Laser pointing should bring criminal punishment: ACPA
By The Ottawa Citizen
Feb. 18, 2014, Ottawa - A spike in blinding laser attacks against airliners has Canada’s largest pilots’ association demanding government controls and tough criminal sanctions.
By The Ottawa Citizen
“It’s a real threat to passengers and
public safety. It’s not a minor issue anymore,” Capt. Craig Blandford,
president of the Air Canada Pilots’ Association said Thursday.
the very least, pilots are at risk of being distracted. Worse, they can
lose their night vision just as they’re about to land a speeding
passenger plane loaded with jet fuel.
“In Lac Megantic, a terrible
tragedy, 47 people were killed. If an airplane goes down because of a
laser there’s going to be more than 47 people who are going to be hurt,”
“We don’t want a crash to cause us to do
something. This is one of those things where we know it’s happening now,
let’s get the enforcement, the proper regulations in place to provide a
safer environment and punish appropriately. If you get caught, it’s
going to cause you significant pain.”
Blandford’s comments follow
Transport Canada statistics showing a 24-per-cent increase last year in
reported laser-pointer strikes against aircraft in Canadian skies — 461
compared to 357 in 2012. There have been 22 incidents so far this year.
Ottawa bucks the national trend; there are no reported incidents this year and a big drop — 20 to six incidents — for 2012-2013.
in the U.S. experienced nearly 4,000 laser strikes last year. The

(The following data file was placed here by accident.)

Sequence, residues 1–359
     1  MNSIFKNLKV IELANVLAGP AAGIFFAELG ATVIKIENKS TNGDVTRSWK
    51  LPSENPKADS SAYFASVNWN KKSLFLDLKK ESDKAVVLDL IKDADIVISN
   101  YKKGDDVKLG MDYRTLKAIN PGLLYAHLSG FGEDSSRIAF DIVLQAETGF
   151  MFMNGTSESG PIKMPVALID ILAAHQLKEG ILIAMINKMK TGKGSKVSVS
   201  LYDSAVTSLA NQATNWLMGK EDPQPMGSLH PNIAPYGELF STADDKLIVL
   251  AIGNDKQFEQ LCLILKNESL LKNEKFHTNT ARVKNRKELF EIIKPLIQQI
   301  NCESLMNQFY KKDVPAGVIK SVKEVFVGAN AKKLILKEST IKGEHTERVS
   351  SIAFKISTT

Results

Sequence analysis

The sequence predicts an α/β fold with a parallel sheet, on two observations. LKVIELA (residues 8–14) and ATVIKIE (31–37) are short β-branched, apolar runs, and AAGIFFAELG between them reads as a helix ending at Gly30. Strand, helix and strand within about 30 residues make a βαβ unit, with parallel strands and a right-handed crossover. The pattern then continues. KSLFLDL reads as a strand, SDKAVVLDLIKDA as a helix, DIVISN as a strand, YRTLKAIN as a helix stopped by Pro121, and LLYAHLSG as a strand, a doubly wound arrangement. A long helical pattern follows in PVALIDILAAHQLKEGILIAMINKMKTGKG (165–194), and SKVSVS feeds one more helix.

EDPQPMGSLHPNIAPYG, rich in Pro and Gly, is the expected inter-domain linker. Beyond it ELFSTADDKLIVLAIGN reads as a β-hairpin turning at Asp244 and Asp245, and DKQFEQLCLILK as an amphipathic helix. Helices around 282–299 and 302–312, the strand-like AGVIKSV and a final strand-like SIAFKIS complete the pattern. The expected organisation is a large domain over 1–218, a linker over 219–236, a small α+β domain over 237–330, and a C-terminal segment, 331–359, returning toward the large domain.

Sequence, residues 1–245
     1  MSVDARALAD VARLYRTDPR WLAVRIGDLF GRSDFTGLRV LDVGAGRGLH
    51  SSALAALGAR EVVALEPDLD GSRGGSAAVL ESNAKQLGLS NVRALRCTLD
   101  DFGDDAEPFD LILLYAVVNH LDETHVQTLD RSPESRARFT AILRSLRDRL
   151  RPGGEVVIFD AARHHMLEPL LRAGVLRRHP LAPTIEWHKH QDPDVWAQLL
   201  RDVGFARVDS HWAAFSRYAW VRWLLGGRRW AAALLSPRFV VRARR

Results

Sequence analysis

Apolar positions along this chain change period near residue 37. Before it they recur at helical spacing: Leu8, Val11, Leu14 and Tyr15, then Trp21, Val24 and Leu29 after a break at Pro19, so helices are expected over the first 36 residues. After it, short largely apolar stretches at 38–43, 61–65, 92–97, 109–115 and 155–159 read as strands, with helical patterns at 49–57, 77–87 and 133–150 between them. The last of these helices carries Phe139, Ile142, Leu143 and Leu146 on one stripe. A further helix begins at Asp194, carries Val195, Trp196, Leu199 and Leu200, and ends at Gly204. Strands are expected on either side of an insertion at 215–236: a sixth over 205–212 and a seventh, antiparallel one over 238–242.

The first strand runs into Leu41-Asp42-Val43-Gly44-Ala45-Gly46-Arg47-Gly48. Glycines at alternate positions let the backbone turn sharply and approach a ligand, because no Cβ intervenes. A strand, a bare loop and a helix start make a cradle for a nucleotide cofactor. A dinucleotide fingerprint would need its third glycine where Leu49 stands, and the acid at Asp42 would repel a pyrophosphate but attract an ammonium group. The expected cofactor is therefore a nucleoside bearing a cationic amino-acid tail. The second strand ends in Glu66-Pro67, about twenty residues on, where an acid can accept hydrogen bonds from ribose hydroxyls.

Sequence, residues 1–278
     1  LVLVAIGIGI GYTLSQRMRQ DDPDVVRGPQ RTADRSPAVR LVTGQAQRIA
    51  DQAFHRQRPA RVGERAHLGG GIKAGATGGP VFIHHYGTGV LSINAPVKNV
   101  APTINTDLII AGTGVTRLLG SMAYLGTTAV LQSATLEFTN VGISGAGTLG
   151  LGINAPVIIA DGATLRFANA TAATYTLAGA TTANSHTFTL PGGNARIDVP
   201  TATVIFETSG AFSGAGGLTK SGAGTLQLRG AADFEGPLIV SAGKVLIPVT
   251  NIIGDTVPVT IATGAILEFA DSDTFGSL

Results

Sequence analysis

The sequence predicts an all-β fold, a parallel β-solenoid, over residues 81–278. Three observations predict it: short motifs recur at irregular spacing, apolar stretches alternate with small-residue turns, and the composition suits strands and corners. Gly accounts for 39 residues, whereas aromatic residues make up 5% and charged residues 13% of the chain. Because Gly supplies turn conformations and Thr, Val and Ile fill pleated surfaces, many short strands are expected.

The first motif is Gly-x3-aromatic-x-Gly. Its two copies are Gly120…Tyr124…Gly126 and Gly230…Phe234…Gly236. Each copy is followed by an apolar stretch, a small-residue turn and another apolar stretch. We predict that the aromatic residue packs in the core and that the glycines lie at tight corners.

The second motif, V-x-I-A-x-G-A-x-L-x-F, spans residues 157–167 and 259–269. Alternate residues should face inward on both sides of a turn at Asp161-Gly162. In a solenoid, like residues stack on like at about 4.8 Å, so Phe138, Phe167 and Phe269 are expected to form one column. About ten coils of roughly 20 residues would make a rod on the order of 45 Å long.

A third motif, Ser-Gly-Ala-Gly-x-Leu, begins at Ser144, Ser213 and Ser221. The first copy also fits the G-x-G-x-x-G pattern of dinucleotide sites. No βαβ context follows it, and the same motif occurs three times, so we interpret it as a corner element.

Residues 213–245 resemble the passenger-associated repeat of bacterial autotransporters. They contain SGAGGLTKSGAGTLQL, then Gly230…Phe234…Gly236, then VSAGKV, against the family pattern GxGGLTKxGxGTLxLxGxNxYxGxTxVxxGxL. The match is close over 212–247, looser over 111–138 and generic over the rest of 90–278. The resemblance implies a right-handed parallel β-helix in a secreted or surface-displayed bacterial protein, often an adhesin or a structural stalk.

situation is now so concerning, the Federal Aviation Administration,
Federal Bureau of Investigation and Air Line Pilots Association launched
a campaign this week to focus on 12 cities where laser attacks are
prevalent. The effort includes rewards of up to $10,000 for information
leading to the arrest of individuals who intentionally aim lasers at
In Canada, incidents tend to occur at one of the most
critical phases of flight, usually when aircraft are preparing to land
at night, roughly 4,500 to 8,500 feet off the ground and a few nautical
miles away from the runway threshold.
They make low, slow targets for
Pilots are typically busy getting their aircraft
set up for final approach, watching for obstacles and coming in over
heavily populated areas. And that doesn’t include negotiating bad
“Then all of sudden one of these things hits the cockpit?
If we’re not using the autopilot, as often happens, there’s potential
danger and that’s really what we want to draw attention to,” said
Blandford. That was the case in Ottawa one night last May. A U.S. flight
from Buffalo was three nautical miles from Runway 7 when the pilot
advised the tower the cockpit was illuminated by blinding laser coming
from a park in Barrhaven. The plane landed safely and police were
called. But like the vast majority of cases, it’s difficult to catch the
Pilots also can suffer prolong eye damage and find themselves grounded.
Aeronautics Act already prohibits directing laser pointers at aircraft.
If convicted, offenders face a maximum $100,000 fine, five years in
prison or both.
The pilots’ association, which has long complained
to government about the problem, now wants it elevated to a Criminal
through this with impaired driving. When you only slap somebody on the
wrist there’s not a lot of deterrent. You need significant deterrence,
let’s put in the Criminal Code,” said Blandford.
“We’d (also) like
to see a control put on them, some kinds of permits or access to these
things that’s somehow controlled. I’m not sure to go so far as to say we
want them on a prohibited weapons list, but that’s one of the things
that we’re pursuing in order to get stricter on control.”
Canada has used public awareness campaigns, including a web page, and
says it co-ordinates with police and justice officials to pursue
prosecutions. The number of such cases was not immediately available
Thursday. The 2009 arrest of an Edmonton man who pointed a laser at a
police helicopter is believed to be the only case that’s been publicly